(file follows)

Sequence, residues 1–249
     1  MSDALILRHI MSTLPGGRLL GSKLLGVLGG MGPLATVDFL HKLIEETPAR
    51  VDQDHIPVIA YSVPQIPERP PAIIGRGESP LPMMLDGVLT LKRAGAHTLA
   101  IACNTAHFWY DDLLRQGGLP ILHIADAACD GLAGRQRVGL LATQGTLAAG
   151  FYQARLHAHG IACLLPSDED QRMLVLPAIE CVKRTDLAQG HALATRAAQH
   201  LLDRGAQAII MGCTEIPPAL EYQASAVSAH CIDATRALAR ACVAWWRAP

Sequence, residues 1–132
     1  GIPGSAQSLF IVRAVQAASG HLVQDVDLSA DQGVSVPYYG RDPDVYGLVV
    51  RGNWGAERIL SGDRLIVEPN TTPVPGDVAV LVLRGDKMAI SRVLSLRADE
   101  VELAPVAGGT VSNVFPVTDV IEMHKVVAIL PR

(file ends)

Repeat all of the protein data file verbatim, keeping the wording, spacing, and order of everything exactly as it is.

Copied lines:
Sequence, residues 1–249
     1  MSDALILRHI MSTLPGGRLL GSKLLGVLGG MGPLATVDFL HKLIEETPAR
    51  VDQDHIPVIA YSVPQIPERP PAIIGRGESP LPMMLDGVLT LKRAGAHTLA
   101  IACNTAHFWY DDLLRQGGLP ILHIADAACD GLAGRQRVGL LATQGTLAAG
   151  FYQARLHAHG IACLLPSDED QRMLVLPAIE CVKRTDLAQG HALATRAAQH
   201  LLDRGAQAII MGCTEIPPAL EYQASAVSAH CIDATRALAR ACVAWWRAP

Sequence, residues 1–132
     1  GIPGSAQSLF IVRAVQAASG HLVQDVDLSA DQGVSVPYYG RDPDVYGLVV
    51  RGNWGAERIL SGDRLIVEPN TTPVPGDVAV LVLRGDKMAI SRVLSLRADE
   101  VELAPVAGGT VSNVFPVTDV IEMHKVVAIL PR